This section features training materials to help retailers learn about Canadian bank notes and know how to deal with suspected counterfeit notes.
Train your Staff
Most counterfeits enter circulation at a retail point of sale. Polymer notes have leading-edge security features that are easy to check and hard to counterfeit, but they are effective only if you use them. Our free training materials can help you start out on the right track.
Polymer notes now make up the majority of notes in circulation. If you come across paper notes, you can facilitate their removal by bundling polymer and paper notes separately in your bank deposit.
The Bank provides free training seminars through its offices in Vancouver, Calgary, Ottawa, Toronto, Montréal and Halifax. These presentations can be customized to suit your organization's needs. Topics include bank note security features and what to do with a suspected counterfeit notes.
Duration: 30 to 90 minutes, depending on the content covered.
For more information, please call 1 800 303-1282.
Training Materials to Download and/or Order
Please note: In efforts to be more environmentally friendly, there are now fewer printed materials available for order from the Bank’s website. Feel free to download our materials and review the content online.
A summary of the security features on the Canada 150 commemorative bank note.
A summary of the security features in the commemorative $20 note.
The Bank of Canada offers free, postage-paid materials, but reserves the right to limit quantities.
The Bank may contact the requestor prior to shipping to verify that certain audience-specific resources are destined for the right users.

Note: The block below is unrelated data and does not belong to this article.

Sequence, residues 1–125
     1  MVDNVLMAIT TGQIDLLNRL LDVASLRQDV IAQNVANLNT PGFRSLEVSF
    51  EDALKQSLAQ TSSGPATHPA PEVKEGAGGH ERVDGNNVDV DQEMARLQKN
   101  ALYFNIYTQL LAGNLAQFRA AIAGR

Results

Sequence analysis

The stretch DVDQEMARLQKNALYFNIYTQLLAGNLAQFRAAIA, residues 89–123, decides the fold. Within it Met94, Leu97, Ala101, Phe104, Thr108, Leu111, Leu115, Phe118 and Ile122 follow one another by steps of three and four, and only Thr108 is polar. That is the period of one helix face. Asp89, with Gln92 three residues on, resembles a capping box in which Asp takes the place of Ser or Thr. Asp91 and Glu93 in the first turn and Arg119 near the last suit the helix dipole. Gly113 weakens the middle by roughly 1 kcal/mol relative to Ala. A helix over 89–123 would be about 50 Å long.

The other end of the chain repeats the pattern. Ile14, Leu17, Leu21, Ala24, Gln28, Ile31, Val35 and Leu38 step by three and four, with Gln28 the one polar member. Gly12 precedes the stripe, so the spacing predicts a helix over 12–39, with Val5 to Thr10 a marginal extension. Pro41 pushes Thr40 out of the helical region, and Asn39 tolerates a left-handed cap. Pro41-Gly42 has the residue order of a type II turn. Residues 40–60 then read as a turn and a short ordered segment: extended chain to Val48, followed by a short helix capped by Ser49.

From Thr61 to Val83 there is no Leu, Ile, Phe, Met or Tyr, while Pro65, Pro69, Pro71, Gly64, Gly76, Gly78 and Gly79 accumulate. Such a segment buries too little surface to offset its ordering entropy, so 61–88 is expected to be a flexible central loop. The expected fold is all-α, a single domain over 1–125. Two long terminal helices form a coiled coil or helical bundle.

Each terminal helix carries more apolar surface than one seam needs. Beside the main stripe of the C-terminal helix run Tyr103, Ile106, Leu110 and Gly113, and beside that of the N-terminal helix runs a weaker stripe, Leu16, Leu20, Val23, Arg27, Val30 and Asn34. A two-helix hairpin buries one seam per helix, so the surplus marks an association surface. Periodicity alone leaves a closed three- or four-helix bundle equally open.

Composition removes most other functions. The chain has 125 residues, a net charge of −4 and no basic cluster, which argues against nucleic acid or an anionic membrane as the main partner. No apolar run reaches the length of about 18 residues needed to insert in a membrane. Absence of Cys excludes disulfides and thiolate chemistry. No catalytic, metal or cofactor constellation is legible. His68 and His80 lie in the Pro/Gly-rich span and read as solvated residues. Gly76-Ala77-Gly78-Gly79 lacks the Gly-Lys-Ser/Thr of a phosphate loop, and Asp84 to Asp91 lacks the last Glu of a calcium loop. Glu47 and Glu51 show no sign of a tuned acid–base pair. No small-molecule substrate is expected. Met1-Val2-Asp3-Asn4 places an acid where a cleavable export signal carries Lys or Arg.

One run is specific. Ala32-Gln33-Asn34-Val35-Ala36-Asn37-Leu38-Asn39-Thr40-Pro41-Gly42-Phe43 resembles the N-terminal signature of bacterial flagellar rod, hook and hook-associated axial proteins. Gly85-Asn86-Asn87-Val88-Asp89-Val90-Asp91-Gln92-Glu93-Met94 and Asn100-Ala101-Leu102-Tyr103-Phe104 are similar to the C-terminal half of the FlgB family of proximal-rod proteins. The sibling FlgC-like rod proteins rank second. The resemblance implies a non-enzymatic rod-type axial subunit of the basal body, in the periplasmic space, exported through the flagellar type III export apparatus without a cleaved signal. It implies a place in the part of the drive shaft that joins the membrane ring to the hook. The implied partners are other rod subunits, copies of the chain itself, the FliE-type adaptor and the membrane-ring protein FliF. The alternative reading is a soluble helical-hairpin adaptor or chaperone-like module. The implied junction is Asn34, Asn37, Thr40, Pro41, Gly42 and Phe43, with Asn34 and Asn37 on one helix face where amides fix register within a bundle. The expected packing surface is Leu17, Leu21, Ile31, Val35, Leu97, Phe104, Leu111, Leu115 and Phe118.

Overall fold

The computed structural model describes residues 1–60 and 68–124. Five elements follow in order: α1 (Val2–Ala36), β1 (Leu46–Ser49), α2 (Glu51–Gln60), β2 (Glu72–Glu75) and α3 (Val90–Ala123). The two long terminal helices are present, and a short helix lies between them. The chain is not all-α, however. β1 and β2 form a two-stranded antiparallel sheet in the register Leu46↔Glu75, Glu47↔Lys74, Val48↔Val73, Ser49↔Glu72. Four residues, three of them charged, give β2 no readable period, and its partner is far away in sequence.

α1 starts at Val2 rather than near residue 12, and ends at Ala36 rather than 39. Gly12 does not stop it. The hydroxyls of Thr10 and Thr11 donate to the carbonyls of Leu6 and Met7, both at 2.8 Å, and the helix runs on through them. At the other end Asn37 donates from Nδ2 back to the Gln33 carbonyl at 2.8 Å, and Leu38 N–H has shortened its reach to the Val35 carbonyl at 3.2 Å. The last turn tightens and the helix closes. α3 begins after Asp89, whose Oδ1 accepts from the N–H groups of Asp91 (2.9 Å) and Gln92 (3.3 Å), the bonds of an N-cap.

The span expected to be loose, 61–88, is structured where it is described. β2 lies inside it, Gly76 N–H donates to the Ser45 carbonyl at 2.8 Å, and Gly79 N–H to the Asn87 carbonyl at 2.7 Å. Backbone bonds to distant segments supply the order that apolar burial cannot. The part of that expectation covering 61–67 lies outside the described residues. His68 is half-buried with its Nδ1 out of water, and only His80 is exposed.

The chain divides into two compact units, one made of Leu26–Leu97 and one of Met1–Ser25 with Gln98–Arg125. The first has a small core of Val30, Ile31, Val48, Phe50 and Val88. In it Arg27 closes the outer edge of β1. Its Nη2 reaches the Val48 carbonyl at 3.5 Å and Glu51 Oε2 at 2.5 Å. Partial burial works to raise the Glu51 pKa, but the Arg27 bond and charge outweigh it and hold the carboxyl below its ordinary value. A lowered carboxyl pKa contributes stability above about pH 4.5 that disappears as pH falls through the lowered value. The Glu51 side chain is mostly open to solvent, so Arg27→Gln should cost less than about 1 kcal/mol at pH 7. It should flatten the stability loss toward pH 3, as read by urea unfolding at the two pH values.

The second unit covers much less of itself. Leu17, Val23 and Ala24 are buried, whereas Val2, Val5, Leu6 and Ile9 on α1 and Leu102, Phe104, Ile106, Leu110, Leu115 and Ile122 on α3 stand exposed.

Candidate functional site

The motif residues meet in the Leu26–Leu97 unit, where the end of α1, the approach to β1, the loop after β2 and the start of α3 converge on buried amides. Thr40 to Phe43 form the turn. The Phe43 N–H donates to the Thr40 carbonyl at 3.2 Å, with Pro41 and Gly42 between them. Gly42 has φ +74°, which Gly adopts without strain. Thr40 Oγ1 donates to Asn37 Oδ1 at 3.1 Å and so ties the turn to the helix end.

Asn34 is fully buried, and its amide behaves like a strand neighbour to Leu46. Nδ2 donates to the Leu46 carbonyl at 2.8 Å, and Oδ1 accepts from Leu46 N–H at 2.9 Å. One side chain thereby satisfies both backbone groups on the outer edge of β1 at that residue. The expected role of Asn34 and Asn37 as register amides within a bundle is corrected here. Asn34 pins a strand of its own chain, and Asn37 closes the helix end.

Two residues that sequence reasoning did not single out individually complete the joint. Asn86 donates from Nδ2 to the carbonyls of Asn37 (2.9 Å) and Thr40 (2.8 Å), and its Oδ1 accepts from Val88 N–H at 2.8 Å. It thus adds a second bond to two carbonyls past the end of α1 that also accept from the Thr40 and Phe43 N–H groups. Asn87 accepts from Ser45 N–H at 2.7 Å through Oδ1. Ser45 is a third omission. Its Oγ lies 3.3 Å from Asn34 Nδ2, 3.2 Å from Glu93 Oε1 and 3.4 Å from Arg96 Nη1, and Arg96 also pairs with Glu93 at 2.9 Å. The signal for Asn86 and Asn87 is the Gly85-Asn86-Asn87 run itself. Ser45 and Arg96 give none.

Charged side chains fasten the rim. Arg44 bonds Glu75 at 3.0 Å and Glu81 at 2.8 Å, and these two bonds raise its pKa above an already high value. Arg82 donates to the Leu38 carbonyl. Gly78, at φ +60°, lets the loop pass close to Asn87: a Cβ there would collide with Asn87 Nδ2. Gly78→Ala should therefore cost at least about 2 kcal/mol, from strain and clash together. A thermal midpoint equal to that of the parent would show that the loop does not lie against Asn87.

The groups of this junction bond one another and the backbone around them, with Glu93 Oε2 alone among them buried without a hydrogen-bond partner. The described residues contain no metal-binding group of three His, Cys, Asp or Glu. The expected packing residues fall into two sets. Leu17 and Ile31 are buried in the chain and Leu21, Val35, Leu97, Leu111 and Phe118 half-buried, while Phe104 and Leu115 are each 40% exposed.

Dealing with Suspicious Money
What to do if you suspect that you have been offered a counterfeit note during a transaction:
Assess the situation to ensure that you are not at risk. Then do the following:
- Politely refuse the note and explain that you suspect it may be counterfeit.
- Ask for another note (and check it too).
- Advise the person to check the note with the local police.
- Inform your local police of a possible attempt to pass suspected counterfeit money.
Be courteous. Remember that the person in possession of the bill could be an innocent victim who does not realize that the note is suspicious.
What to do if you suspect that a note is counterfeit after a transaction:
- Give it to the local police. If it’s real, you’ll get it back.
It is a criminal offence to knowingly pass counterfeit money.
- financial institutions and retailers to submit suspected counterfeit notes to their local police and
- police agencies to submit suspected counterfeit notes to the RCMP’s National Anti-Counterfeiting Bureau
The Bank regularly surveys Canadian businesses and citizens to better understand how and why cash is used, by assessing awareness, attitudes, and behaviours with respect to bank notes.
Survey results allow the Bank to monitor its progress, identify potential issues or opportunities, and adapt its programs, tools and services, as needed.
National Retailer Research Program (NRRP)
Monitors the counterfeit-deterrence practices of cash-handling businesses across Canada, and their willingness to accept bank notes of various denominations.